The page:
If you have questions about gain- or loss-framed messaging, or would like any assistance in developing any wellness materials, contact marketing@ConsultYHN.com today!

 

 

 

Sources:

American Marketing Association, Framing Health Care Messages: Why Interpersonal Context Matters

Health-Care Product Advertising: The Influences of Message Framing and Perceived Product Characteristics

Positive Messages Make the Most Impact in Public Health Campaigns

Lead Generation: What is it and where do I start?

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Generating a steady supply of patients and maintaining a full schedule is a critical part in developing a profitable practice. However, we all know it can be a challenging process. Now is the time to reevaluate your business to determine what initiatives are effectively driving traffic to your office and what things you can be doing differently to generate more leads. This methodology is what marketers call “lead generation”.

In order to diversify your pipeline, you’ll want to attract, nurture and retain a combination of new acquisitions, prospects and customers. To accomplish this, create a plan that communicates messaging to each segment of your target audience via a multi-channel approach; aka your lead generation strategy.

Here are some tips to consider when you’re developing a lead generation strategy:

–  Identify your target audience

Begin by focusing on two major target segments. One type includes the residents within our community who you’ve never met; people won’t visit your location if they don’t know the practice exists. Consider targeting areas within a close proximity to your office, possibly where the majority of your patients are already travelling from.

The other audience segment includes the people already in your database. These leads are uniquely qualified because you have established a connection with them; now all it takes is nurturing that existing relationship. Consider not only your current patients, but also contacts in your database who haven’t physically visited your office. These leads could have been connections from a lunch and learn or health fair; however, these contacts never took the next step to schedule an appointment with your practice. This group tends to get overlooked, yet they are one of the strongest prospect segments.

–  Identify your messaging

Your practice’s selling point is a key message that needs to be communicated to all audience segments. Consider which of your products or services are different or better than what your competitors are marketing in the community. Put yourself in your patient’s shoes and think about what motivates their behavior and buying decisions.  Try to uncover the real reasons why your patients came to your practice and purchased, instead of patronizing one of your competitors.

If you are having trouble identifying your differentiator, ask your patients directly why they chose your practice.  Encourage patients to rate your practice on things like atmosphere, staff, and services; it will not only help you identify your unique selling point, but it will also determine how you can improve your customer service as well.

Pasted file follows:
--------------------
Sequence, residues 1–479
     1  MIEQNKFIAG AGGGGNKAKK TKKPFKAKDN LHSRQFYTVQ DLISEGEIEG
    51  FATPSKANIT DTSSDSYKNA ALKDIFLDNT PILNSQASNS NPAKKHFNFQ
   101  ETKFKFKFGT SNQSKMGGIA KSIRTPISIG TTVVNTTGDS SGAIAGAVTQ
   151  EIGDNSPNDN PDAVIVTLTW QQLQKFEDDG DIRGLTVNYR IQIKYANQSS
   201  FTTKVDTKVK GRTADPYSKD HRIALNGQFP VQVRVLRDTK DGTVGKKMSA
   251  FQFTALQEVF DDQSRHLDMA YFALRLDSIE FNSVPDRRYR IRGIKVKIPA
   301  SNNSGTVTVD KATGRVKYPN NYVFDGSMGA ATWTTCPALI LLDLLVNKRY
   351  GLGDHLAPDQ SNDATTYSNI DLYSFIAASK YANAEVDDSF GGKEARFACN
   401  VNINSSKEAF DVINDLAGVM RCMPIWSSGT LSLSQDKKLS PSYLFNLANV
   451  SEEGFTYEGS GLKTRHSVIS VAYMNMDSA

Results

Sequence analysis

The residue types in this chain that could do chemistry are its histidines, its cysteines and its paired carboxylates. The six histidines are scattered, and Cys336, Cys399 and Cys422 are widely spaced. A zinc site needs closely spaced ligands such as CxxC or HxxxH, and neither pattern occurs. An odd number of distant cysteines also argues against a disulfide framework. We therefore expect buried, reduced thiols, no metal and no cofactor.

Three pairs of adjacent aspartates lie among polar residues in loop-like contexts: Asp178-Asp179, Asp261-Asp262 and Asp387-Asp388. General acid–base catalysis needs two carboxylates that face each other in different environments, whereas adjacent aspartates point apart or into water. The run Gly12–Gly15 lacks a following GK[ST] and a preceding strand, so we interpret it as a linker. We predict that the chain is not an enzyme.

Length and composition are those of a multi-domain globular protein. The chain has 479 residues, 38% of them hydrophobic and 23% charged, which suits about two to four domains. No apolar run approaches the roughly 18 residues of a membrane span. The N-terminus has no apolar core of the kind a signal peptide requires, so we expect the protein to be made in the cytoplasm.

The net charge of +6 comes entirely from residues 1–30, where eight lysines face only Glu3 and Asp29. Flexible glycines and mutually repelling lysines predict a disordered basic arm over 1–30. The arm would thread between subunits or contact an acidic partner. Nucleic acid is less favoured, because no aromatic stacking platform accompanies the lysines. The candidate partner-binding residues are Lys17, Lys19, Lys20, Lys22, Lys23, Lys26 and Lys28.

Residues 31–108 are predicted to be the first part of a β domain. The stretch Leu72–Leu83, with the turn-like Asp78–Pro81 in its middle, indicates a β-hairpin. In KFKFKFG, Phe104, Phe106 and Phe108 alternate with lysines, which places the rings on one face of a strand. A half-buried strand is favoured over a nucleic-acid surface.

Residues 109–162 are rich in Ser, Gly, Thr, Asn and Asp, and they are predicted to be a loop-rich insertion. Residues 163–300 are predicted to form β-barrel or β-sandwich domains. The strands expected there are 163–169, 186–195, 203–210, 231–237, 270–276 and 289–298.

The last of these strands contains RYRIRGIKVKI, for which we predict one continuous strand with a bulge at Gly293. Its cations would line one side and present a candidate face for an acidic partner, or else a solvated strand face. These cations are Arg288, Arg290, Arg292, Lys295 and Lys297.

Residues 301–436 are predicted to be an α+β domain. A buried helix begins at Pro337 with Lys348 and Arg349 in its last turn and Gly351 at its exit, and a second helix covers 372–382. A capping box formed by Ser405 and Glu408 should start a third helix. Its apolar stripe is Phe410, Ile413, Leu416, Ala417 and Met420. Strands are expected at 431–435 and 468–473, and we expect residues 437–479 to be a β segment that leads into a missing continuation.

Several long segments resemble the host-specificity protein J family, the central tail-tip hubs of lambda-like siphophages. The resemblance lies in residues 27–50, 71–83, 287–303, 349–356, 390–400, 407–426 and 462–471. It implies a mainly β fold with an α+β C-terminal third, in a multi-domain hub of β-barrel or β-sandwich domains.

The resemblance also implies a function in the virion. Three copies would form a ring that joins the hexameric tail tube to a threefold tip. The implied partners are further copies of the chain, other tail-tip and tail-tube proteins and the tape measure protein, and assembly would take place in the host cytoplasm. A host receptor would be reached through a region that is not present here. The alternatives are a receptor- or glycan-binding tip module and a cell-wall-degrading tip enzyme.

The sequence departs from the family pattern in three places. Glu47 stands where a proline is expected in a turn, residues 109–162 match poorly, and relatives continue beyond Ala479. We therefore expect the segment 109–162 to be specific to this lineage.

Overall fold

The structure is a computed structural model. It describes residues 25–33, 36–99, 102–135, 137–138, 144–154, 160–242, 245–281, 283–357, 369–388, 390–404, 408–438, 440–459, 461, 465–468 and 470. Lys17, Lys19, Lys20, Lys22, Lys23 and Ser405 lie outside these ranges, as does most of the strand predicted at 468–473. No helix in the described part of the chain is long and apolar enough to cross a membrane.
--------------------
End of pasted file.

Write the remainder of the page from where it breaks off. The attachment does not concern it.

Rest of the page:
The other option is to think about your “why” statement. Why did you become a hearing health provider and/or start your business? Integrating this personal statement about your practice helps you stand out among your competitors.

–  Identify goals and objectives

It’s essential to have goals and objectives established when developing a successful strategy. Identifying these benchmarks and milestones allow you to evaluate the success of your outcomes. Make sure your practice’s goals are aspirational, yet attainable, and ultimately support the purpose of your current business strategy. When you are developing your goals, determine if you want to measure by quantity, quality, or both. Examples include growing overall profitably by a certain dollar amount or percentage, achieving or increasing measurable ROI, obtaining more qualified leads, or gaining additional insight into what makes your target audience tick.

–  Determine what to offer

Think about what you can offer your audience that will entice them to convert into a lead. While price is important, it’s not the only reason why people will express interest. If your competition is beating you on price, you have to present the target audience with a relevant benefit that addresses their needs. Then, build your sales and promotional material around that “pain point.” You can create an offering with less perceived obligation and more perceived value (for your leads) and provide it free of charge. This could be a booklet, gift, demonstration or anything else related to your product or service. Think of it like a door opener; something to discover interested individuals and get the conversation started.